The fashion industry is estimated to contribute more than two percent of global greenhouse gas emissions, and is only going to get worse if big changes aren’t made.
Here are some key figures on how fashion is affecting the planet and how consumers can make a difference.
From 7 to 10
According to the Ellen MacArthur Foundation, the average number of times a piece of clothing is worn before it wears out.
If we are to meet the 1.5 degree Celsius global warming limit set by the United Nations, the maximum number of new appliances we will buy each year, according to the Hot or Cool Institute think tank.
Around 30 percent
Percentage of donated clothing that ends up in landfills or incinerators overseas, based on Hot or Cool. They can also undercut local sellers if they flood the market.
According to the Ellen MacArthur Foundation, a lorry load of clothing is burned or buried in a landfill every second.
Number of new items of clothing produced each year under the Clean Clothes Campaign.
According to the United Nations Environment Program (UNEP), less than one percent of the material used to make clothing is recycled.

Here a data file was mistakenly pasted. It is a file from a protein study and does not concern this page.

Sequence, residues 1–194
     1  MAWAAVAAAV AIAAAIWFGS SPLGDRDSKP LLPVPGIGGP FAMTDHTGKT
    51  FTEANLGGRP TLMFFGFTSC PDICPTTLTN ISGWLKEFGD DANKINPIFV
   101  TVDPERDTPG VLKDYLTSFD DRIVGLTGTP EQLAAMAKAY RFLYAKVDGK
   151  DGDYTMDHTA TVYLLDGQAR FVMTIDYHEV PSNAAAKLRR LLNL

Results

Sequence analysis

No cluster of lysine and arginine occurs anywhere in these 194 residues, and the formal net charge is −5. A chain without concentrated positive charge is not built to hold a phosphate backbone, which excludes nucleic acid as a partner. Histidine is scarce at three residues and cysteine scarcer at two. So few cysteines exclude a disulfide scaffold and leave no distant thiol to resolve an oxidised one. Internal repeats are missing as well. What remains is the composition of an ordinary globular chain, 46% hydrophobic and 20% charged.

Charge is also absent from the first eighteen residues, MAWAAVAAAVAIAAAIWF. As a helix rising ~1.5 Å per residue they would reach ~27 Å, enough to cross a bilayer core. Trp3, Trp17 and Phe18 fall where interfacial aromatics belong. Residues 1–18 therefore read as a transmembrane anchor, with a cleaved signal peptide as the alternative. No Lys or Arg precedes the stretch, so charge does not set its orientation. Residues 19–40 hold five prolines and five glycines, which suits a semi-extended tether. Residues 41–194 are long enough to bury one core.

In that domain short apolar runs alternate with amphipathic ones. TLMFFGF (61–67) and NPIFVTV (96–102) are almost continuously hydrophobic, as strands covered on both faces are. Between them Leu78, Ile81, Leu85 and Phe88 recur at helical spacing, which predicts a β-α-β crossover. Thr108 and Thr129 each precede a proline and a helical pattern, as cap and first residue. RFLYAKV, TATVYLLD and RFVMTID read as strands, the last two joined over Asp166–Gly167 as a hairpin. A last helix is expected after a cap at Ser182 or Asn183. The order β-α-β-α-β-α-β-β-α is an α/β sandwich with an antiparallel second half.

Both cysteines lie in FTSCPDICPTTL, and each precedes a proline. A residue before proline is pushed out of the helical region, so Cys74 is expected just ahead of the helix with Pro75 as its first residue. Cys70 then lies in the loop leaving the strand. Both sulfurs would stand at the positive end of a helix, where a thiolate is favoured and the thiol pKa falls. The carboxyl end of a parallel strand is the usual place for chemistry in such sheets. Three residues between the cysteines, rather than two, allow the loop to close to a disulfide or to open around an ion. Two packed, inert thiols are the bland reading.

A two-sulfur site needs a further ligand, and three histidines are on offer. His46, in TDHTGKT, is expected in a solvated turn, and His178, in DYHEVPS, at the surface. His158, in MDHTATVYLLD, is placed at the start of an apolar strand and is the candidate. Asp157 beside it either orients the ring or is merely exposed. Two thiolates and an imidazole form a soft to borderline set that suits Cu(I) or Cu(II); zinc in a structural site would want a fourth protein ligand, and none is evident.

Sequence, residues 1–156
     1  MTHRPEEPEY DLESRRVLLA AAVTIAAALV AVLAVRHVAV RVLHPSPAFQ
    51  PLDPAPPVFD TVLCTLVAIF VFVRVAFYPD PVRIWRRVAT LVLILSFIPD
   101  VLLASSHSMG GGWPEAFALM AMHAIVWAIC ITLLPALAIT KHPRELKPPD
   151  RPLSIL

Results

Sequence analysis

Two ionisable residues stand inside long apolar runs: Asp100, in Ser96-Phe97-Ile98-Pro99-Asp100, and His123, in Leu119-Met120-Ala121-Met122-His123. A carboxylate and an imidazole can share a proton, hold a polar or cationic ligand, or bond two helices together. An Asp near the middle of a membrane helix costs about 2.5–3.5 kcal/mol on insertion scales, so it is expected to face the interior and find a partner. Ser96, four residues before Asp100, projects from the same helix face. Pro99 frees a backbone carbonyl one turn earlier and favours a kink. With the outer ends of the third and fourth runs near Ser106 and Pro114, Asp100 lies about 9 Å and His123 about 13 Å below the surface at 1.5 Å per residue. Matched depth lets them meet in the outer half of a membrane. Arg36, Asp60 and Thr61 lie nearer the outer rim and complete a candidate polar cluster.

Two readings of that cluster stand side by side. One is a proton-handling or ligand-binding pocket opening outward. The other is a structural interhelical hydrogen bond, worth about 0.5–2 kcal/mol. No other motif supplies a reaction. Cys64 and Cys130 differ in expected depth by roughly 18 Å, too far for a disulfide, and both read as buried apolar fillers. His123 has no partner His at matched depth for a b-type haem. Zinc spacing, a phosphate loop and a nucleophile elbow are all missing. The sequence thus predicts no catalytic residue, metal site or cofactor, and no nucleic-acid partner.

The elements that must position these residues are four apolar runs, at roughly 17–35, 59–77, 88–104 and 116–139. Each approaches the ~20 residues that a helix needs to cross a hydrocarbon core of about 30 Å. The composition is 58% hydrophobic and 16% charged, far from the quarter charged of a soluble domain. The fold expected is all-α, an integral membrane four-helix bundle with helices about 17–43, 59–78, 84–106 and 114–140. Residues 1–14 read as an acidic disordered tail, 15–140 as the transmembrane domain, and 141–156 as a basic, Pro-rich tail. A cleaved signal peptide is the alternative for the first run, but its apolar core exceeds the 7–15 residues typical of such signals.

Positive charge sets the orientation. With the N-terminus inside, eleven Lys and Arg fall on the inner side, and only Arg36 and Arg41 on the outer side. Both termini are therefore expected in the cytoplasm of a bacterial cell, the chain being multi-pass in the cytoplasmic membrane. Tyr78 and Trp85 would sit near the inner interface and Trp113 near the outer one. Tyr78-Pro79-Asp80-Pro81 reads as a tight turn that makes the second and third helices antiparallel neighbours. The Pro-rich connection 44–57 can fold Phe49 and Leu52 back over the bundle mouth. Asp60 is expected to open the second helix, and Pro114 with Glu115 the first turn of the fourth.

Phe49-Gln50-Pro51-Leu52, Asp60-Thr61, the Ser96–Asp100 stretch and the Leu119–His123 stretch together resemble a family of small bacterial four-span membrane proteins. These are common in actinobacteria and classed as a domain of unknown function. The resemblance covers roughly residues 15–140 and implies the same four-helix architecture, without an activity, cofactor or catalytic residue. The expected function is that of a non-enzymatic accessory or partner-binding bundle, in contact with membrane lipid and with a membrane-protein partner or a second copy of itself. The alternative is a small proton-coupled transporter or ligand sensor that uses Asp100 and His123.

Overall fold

Many fast fashion companies claim that they can recycle old clothes into new ones, but the reality is that the quality of the fabric is not suitable for making most of the clothes that are sold.
30 degrees Celsius
The recommended temperature at which clothes should be washed to increase their lifespan.
On average, the richest 20 percent of the world’s population consumes 20 times more fashion than the poorest 20 percent, according to Hot or Cool.
This year, France will issue a decree mandating that every piece of clothing sold in the country carries an accurate climate impact label. The European Union is expected to follow suit.
The second-hand clothing market is growing eight times faster than the overall clothing market, according to online consignment store thredUP.
The Ellen MacArthur Foundation estimates that clothing production has doubled in the past 15 years, but we’ve used 40 percent less of these clothes in that same period.
Percentage of global consumers born between 1997 and 2012 who belong to Gen-Z – according to McKinsey & Company. Gen-Z is part of the problem and part of the solution when it comes to fast fashion: they make up the majority of consumers, but they’re also calling for sustainable fashion.
© 2023 AFP
QuoteOur Bad Fashion Habits—And How We Can Change Them—(2023, January 19) Retrieved January 19, 2023, from https://phys.org/news/2023-01-bad-fashion-habitsand-themin.html.
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